Exodus Part II: The Promised Hotel

When we left off, our hero (me obviously, not Ben) was in a van headed to a Mumbai hotel. The moment I arrived, two bellhops whisked my heavy bags from my hands and I knew my night was finally taking a turn for the better. Within ten minutes, I was relaxing in my beautiful, air-conditioned room on the 15th floor of the JW Marriott. It’d normally be called the 6th floor, as the hotel skipped floor numbers 2 through 10, but I agree with the hotel designer that the 15th floor definitely sounds swankier.

Room 1515, my luxurious home for my three days stuck in Mumbai. Many of you already saw this because I sent it as a boasting response to anybody who asked how I was doing.

And then there was the free food. My sister pointed out that a large buffet was not exactly good COVID-19 infection control, but by then I’d already enjoyed it twice. And to be honest, a slight risk of death wasn’t going to keep me from three free hotel buffets a day anyway. My sister had also suggested I leave my prized collection of electronics cords behind to make room in my suitcase for a pair of sneakers, but now I was completely vindicated. By daisy-chaining cords around the room I was able to splice my Chromecast and Google Home into the hotel’s TV and internet and create a quality entertainment system.

Streaming Ozark while enjoying the luxurious tub and accompanying scented bath salts.

After three days of mostly relaxing (plus a little blogging– you’re welcome), we repeated the arduous trek through the Mumbai airport. This time, however, we successfully boarded the plane. Most of “the 37” had been upgraded to higher seating classes, but I chose not to be bitter and appreciate that at least I was going home and on an aisle for the nearly 17-hour flight.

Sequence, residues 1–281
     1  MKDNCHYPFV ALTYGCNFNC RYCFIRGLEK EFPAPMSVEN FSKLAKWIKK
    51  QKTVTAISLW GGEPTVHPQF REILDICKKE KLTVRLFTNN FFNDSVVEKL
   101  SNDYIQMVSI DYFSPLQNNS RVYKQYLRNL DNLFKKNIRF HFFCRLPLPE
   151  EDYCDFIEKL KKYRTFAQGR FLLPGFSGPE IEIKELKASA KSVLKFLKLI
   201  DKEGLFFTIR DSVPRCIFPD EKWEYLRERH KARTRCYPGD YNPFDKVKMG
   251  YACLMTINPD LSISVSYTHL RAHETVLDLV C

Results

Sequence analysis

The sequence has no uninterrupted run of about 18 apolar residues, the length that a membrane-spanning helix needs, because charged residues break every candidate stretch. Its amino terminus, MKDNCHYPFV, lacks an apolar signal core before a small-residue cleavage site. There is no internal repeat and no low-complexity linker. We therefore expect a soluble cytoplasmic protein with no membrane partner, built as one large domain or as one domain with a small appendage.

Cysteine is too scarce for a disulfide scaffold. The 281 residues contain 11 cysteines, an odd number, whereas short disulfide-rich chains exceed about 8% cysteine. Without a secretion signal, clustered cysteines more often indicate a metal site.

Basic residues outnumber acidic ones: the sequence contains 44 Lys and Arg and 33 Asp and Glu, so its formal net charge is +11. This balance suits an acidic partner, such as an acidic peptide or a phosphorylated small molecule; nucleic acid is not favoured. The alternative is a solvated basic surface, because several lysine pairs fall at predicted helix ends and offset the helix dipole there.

Even before takeoff, I felt closer to home, as the flight attendant in my section definitely had a little attitude, rather than the typical Indian service industry deference. She was wearing a comfortable-looking Delta t-shirt instead of her dress uniform and shouted at a guy coughing in the aisle to put his mask on and sit down. She confided in the couple sitting across from me that she had sworn off doing these repatriation flights after the last one because they were such a nightmare. I’m thankful she changed her mind, because I turns out we weren’t out of the woods yet. The coughing guy wasn’t the only one still standing, and if we didn’t take off in the next few minutes, the pilots were going to hit their work-hour limit before we could get to Atlanta. To avoid this, the flight attendant heatedly told one woman she could sit in her assigned seat or stay in Mumbai, then another that it was one baby per lap and her husband was going to have to hold a child (thank god I wasn’t in that row). With 11 minutes to spare, the doors closed and we were, at last, headed home. Woohoo!

The flight was mostly uneventful. There was a line of elderly Indian gentleman waiting in line for the rest room through the entirety of the 17-hour flight, which made me glad they weren’t serving booze. And pro tip: Don’t watch “The Hate You Give” in a place where you can’t touch your face and don’t want everybody to know you’re crying.

Arriving in Atlanta was the easiest cruise through customs I ever experienced. While I had my temperature taken six times to leave India, I didn’t even fill out a customs form to enter the U.S. Unfortunately, this meant I now had about six hours to kill before my Southwest flight to Philly, two of them outside security, and apparently someone at the Atlanta airport had decided that chairs outside of security were a COVID-19 risk factor and removed them all. So I spent the next two hours savoring a Crossain’wich and coffee while sitting on a sculpture/tree planter. Aside from the prophylactic chair removal, it was pretty shocking how much more casually the US appeared to be taking the pandemic than India. Lots of employees at the airport and even the flight attendants on my flight to Philly weren’t wearing masks.